We all know that plausibility is not one of television's greatest strengths. For decades, some of the world's top minds have wondered how the professor on "Gilligan's Island" could rig a lie-detector machine out of bamboo and other crude materials, but couldn't manage to build a decent raft.
It certainly would be awesome if our TV sets came with built-in lie detectors -- the better to determine when fact stops and fiction takes over.
With such technology beyond our grasp, we instead decided to recruit several reliable sources and subject a few current shows to a thorough reality check. Here's what we found:
The situation: This musical comedy would have us believe that McKinley High School's misfit crooners can produce song-and-dance routines at the drop of a hat. Each episode is stuffed with up to seven numbers, some quite spectacular. What's the real story?
Reality check: That's an "over-the-top fantasy," insists Ken Rawdon, choral director at Mount Eden High School in Hayward, Calif. In preparing for competition, it takes his acclaimed show choir an entire semester to master a polished, 22-minute routine consisting of all -- or parts of -- seven to eight songs, along with a couple of costume changes. As for those elaborate production numbers, Rawdon says the show's "glitz factor" is pretty hard to touch. "We really have no budget," he says. "My credit card is our budget."
Oh, and FYI: Rawdon insists he gets along just fine with the school's cheerleading coach.
"The Big Bang Theory"
The situation: Leonard (Johnny Galecki), Sheldon (Jim Parsons) and their pals are brilliant but socially inept physicists. Is the science they spout accurate?
Reality check: UCLA physics professor David Saltzberg, who serves as the science consultant for the show, says he does his best to make sure it is. Saltzberg sprinkles the scripts with actual jargon and theories, and is even responsible for producing those complex equations that appear on the white boards in the show.
"I write them so they don't appear to be nonsense, but I also try to have fun with them," says Saltzberg, who once invited some of his grad students to a taping after they had taken an exam and delighted in their stunned reactions when they realized the exam's solutions were right there on the board.
As for the personalities of the nerdy characters, Saltzberg says that they're "not that much of a stretch."
"Mike & Molly"
The situation: On this freshman sitcom, Mike (Billy Gardell) is a Chicago cop dealing with some weighty issues. Don't police officers have to be in crime-fighting shape?
Reality check: Police recruits entering the academy are required to pass a physical and several fitness tests, confirms Sgt. Alex Stinites, a 20-year veteran of the Chicago P.D. "As long as you pass, you're golden," he says. "You can't be fired later because of your weight."
Still, Stinites claims most officers maintain a certain fitness level to do their jobs effectively, and the department has implemented contractual incentives for officers to stay in shape. "You used to see some pretty large guys," he says. "But that's old-school. Now, that's extremely rare."
The situation: Pre-law student Marti Perkins (Aly Michalka) loses her academic scholarship, so she scrambles to land a cheerleading scholarship on her college squad. Is there really such a thing as a cheerleading scholarship?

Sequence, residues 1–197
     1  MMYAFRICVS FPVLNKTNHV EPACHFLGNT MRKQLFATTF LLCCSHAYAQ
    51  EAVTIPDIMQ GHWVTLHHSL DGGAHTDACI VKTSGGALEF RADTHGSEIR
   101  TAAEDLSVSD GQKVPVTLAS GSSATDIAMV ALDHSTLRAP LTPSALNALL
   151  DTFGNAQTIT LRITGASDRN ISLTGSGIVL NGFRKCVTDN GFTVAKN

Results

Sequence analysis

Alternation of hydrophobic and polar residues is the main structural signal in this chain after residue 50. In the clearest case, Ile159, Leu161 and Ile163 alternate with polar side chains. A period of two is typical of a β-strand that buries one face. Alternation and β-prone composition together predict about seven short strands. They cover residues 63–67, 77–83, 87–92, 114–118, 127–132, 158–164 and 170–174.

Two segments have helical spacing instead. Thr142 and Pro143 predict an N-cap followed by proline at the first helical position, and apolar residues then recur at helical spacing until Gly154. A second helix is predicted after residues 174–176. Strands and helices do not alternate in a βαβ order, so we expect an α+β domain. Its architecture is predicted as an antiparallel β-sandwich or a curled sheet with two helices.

Reality check: UC Berkeley spirit coordinator Diane Milano says you won't find any at Cal, where the athletic department is slashing costs. Stanford doesn't offer any, either. But an increasing number of schools do indeed award various forms of scholarships to the rah-rah set.
"Some places actually recruit cheerleaders and dancers, and they compete on a national level just like the athletes," she says. In the Pac-10 Conference, USC, Oregon and Arizona State offer scholarships.
The situation: Like its predecessor, this remake posits that the major criminal cases in Hawaii are handled by an elite federalized task force that answers to the governor. But does such a unit exist?
Reality check: No way, says Gordon Pang, cops reporter for the Honolulu Star-Advertiser. "Most police functions are handled by the four county governments," he tells us. "There are state law enforcement officers -- conservation officers, harbors and airport security, and sheriffs that deal with courts, etc. But none have quite the authority as the fictional 'Five-0.'aaaa"
Incidentally, the facade for the show's Five-0 headquarters is a historic downtown building that actually houses the state's Supreme Court. (Headquarters for the original "Five-0" unit was the Iolani Palace.)
The situation: Jeff Winger (Joel McHale) is a suspended lawyer forced to return to school after his college degree is deemed invalid. But can he really procure a four-year degree from a community college?
Reality check: That might seem crazy to citizens of California, where community colleges only offer associate degrees, which can be earned in two years. But Peter Garcia, acting president of Diablo Valley College, tells us that community colleges in other states -- 17, to be exact -- do indeed offer bachelor's degrees. (Jeff attends fictional Greendale CC in Colorado.) Garcia laughs off some of the "slapstick and extremes" in "Community," but says the show's premise that community colleges are places for a fresh start is accurate.
"We attract folks looking for occupational re-training, people who have hit a glass ceiling in their jobs, plenty of reentry parents and military veterans returning from the war," he says.